Our next president must choose peace and prosperity over war and debt.

John J. Duncan Jr.
May 2, 2016
The National Interest

Somewhat to my surprise, the decision to go to war in Iraq in 2002 has been a major issue in this year’s race for the White House.

Sen. Bernie Sanders has questioned the judgment of Sec. Hillary Clinton for voting for the war when she was in the Senate.

Donald Trump has used his early opposition to the war as a selling point in his quest for the Republican nomination.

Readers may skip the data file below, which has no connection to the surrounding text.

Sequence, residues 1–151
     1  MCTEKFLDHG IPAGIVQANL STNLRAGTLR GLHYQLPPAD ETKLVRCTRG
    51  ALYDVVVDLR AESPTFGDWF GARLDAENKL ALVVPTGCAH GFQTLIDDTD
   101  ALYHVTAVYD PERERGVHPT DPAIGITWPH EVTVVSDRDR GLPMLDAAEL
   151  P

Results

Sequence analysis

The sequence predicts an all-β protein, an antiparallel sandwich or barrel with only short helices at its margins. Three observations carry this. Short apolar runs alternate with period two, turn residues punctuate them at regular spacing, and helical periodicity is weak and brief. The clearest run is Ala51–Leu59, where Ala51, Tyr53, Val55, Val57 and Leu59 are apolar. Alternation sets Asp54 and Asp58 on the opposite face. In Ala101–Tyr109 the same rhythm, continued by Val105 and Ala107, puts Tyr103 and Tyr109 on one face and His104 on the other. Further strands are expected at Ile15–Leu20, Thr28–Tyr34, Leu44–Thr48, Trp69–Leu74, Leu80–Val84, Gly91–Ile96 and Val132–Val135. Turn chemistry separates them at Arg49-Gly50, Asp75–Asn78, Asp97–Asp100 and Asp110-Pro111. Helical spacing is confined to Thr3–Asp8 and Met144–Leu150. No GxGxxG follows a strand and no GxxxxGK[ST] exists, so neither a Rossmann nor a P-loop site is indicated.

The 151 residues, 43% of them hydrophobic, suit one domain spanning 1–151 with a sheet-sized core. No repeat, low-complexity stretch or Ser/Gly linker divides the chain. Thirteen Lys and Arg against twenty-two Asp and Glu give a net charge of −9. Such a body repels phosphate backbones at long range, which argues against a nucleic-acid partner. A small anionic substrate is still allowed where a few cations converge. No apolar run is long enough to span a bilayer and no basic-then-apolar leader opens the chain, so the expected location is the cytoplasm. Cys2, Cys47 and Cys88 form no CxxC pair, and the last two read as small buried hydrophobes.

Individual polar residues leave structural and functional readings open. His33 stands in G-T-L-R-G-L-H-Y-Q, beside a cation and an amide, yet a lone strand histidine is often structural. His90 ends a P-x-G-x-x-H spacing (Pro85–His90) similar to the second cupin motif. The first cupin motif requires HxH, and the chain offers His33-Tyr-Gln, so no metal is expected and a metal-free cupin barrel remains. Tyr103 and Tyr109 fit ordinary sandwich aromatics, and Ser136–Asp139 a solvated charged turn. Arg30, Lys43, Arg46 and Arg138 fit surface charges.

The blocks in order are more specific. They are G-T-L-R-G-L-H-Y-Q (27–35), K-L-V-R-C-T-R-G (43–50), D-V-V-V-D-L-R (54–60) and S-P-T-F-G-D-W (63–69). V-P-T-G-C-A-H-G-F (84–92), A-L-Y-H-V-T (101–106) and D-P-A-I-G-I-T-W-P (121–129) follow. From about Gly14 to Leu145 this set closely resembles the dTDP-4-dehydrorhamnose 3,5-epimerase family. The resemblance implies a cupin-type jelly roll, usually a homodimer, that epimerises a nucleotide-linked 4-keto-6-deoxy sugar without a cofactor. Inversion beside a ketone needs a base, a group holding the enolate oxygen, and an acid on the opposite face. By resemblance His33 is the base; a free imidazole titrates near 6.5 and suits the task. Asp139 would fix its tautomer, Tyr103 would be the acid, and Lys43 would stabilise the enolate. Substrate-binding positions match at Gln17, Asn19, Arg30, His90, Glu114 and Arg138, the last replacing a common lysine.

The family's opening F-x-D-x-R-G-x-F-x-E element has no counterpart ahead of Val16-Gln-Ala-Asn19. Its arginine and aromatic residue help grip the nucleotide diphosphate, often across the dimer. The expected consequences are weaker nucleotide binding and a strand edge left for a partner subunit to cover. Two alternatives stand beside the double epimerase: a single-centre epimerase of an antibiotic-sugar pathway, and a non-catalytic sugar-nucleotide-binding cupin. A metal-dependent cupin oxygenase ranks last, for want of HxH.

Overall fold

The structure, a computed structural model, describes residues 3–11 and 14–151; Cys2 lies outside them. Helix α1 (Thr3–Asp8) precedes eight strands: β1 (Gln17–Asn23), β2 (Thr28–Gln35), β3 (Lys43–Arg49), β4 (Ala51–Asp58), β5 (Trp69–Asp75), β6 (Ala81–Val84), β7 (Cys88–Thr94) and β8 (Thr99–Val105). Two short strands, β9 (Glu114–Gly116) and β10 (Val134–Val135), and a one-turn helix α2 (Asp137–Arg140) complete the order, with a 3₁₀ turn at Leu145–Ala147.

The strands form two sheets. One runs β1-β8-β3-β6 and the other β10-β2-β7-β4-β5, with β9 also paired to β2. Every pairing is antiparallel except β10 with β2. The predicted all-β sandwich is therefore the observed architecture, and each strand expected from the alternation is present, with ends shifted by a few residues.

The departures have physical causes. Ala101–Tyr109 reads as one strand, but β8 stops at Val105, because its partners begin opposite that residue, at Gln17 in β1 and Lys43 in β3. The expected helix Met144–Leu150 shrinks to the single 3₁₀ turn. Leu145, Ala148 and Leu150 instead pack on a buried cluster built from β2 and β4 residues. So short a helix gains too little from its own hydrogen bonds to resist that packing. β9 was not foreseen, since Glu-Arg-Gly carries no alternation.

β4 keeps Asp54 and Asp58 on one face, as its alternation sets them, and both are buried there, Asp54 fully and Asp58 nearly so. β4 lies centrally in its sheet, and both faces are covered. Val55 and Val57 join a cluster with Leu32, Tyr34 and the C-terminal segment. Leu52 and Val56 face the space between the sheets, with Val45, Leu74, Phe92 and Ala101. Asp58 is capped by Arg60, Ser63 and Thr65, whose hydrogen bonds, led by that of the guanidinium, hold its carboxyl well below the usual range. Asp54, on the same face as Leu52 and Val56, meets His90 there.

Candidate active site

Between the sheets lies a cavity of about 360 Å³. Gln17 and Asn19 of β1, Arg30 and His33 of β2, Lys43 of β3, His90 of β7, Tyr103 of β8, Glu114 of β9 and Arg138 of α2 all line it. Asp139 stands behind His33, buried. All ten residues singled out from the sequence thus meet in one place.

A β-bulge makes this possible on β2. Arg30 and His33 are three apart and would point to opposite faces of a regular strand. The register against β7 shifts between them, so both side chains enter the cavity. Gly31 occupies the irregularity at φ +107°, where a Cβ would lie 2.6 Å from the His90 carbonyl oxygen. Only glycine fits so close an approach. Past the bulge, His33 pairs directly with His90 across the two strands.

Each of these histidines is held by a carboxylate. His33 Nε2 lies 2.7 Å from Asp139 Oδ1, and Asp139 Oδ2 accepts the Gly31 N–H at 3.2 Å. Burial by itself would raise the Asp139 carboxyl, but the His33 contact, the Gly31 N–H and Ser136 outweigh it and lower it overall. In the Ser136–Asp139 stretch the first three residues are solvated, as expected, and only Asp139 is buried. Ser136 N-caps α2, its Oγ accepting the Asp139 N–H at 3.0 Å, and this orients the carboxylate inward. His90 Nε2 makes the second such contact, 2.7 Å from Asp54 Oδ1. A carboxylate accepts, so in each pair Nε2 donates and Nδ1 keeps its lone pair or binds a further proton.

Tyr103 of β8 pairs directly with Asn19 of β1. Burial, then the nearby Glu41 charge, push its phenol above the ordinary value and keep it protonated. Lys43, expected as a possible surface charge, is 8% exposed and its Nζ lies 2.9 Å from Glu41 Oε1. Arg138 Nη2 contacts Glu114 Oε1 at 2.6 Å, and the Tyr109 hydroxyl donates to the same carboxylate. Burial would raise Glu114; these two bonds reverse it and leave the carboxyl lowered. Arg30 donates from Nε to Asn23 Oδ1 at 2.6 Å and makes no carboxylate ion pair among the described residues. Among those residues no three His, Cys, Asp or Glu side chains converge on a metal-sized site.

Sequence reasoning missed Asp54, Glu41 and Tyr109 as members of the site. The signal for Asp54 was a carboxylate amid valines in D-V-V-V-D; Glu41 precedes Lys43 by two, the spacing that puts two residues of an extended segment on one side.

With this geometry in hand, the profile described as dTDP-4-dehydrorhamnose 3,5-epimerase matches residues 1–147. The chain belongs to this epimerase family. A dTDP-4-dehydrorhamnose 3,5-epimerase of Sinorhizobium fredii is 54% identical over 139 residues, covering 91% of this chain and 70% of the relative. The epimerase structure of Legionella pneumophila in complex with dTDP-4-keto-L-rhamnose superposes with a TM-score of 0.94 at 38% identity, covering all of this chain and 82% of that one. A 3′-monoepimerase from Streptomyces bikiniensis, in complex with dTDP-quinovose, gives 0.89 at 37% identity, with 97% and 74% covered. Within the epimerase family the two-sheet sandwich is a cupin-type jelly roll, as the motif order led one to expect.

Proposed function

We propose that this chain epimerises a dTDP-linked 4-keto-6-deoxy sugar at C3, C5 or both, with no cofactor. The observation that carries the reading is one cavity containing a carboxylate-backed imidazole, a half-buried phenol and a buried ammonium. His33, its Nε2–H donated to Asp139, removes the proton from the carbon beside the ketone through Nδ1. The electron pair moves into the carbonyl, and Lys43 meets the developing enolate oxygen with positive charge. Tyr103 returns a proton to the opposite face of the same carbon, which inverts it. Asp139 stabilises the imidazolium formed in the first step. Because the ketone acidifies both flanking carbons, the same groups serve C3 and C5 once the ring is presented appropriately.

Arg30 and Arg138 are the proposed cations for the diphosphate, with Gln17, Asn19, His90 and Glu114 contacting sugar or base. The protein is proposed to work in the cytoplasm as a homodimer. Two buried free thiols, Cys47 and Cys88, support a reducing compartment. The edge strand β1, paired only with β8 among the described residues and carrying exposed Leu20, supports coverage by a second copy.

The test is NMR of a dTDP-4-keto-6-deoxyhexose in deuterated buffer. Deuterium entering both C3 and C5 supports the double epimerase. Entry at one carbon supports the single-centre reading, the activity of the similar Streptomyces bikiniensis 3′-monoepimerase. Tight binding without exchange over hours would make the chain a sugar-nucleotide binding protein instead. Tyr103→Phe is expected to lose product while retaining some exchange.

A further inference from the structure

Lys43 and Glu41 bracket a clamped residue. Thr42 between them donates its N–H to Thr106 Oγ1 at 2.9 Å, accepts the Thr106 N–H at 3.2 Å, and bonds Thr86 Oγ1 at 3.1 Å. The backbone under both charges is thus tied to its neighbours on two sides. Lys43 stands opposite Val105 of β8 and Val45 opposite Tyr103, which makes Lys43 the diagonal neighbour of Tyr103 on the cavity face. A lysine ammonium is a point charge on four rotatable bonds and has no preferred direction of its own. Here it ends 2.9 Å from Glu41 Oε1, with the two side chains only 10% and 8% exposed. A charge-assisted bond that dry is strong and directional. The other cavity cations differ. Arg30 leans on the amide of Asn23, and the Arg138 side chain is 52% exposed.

I am now the only Republican remaining in Congress of the six in the House who voted against going to war in Iraq.

It has been both fascinating and surprising to me that what was certainly the most unpopular vote I ever cast has very slowly become possibly the most popular.

The night before that 2002 vote I was told of a poll in my district that showed 74 percent of my constituents supported the war, with 17 percent undecided. Only 9 percent opposed the war.

I had voted for the first Gulf War in 1991 after attending briefings by Gen. Colin Powell, Gen. Norman Schwarzkopf and other high-ranking officials that made Saddam Hussein sound like the Second Coming of Hitler.

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